Intermittent D.I.Y. music / art / life writing projects.

Month: October, 2013

Hering und seine sieben Sachen / Parashi split c40 (Skell LLC)


Desiring Machines

Hering und seine sieben Sachen is translated via Google Translate Magic into the English phrasing, “Herring and his stuff”. From the liner notings of this recording, I gather that if Herring is he who has caused the sounds on side-with-screws of this tape, the stuff he has used is mostly 4 cassette walk-mans. If this translation is correct, and the meaning of the phrase near correct, I think it’s an amusing moniker. -Especially if such an approach is common to the executing of performances or sound creations by the artist. Who is “Herring”? Who is “Art”? -and what does he mean?


The pseudonym may not have any meaningful significance, but I like to pretend if possible. If “Herring” is not Daniel Voigt’s grandpa’s nickname, or the name of a relatively unknown megalomaniacal circus ring-master from the mid 1800’s, or a reference to a crude regional neighborhood joke, or an imaginary 40 foot tall anthropomorphosized fish with a cranky disposition acting as television judge in small claims court, I don’t want to know. I don’t want to shrug about it, is all. If the basis of this name is shruggable, I respectfully yet disappointedly digress. Curse / joy of irrepressible imagination.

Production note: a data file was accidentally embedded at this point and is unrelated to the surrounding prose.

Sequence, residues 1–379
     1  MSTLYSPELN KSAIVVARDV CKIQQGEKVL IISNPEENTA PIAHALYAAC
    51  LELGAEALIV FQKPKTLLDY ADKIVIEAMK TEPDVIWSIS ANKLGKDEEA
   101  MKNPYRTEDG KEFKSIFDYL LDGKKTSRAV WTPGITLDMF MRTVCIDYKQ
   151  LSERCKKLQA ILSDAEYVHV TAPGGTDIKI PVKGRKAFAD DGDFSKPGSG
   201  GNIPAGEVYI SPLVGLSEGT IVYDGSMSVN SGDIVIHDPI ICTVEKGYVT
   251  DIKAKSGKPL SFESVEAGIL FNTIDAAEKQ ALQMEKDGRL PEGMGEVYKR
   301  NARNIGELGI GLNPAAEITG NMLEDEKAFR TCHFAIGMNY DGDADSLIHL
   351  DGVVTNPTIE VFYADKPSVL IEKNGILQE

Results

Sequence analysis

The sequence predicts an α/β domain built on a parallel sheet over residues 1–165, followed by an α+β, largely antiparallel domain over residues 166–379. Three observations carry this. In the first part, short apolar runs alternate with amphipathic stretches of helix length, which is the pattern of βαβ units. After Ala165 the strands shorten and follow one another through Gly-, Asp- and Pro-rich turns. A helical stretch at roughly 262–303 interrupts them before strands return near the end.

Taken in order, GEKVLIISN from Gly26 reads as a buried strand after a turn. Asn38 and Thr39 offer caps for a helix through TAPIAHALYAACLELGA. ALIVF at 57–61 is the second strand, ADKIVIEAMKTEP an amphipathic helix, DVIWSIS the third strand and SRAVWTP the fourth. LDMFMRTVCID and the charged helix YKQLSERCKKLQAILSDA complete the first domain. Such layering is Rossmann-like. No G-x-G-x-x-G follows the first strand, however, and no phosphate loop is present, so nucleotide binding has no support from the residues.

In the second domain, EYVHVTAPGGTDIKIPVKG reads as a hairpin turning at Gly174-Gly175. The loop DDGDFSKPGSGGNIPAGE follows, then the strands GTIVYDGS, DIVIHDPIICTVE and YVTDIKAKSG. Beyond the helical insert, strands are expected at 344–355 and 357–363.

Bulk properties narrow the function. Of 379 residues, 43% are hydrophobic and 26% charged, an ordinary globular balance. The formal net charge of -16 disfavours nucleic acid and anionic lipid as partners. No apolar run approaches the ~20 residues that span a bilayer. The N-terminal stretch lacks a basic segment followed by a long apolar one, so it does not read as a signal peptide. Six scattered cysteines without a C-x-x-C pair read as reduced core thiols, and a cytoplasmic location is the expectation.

“…why should I repeat myself?” speaks some about the approach taken in this stream of mostly loop-based ambient / drone growth. From one faded-in tributary to the next, the thing winds gently across some isolated deep night moonlit German meadow. Sounds are appropriated from old dusty sources; vinyls, tapes, VHS, or from digitized formats with their original analog audio patinas intact. There is also some synth drifting perhaps created in-house by the operating mixmaster, Daniel Voigt (a human presumably of German nationality, based in Germany, where he proliferates cassette releases via the SicSic label, of his instigation and proprietorship). This recording has a similar feeling to Venn Rain’s Last Nights tape, which also works with loops and dreamy night-scented synthesizer sounds, all in faded fidelities with well-rounded edges. The “…why should I repeat myself?” audio quote is from a wonderful Sun Ra documentary called A Joyful Noise, that I strongly recommend to anyone interested in eccentricity, unusual angles in music thoughts, jazz, history of human culture, exciting musical performances with theatricality and costumes, the life/mind of a visionary artist, and relative topics of intrigue. The quote here is taken from a sizable monologue Ra gives in a museum, among ancient statues and relics of Egypt. His ideas are cryptic, daring, weird, provocative, and insightful. Or if you like, you can take him entirely as a joke, finding only novelty in his unusual manner of dress, speech, and behavior. Much more prone to that sort of perception might be the film Space is the Place, which is a mythic science fiction feature starring Sun Ra and his Arkestra. Both are unique viewings for those seeking unusuality.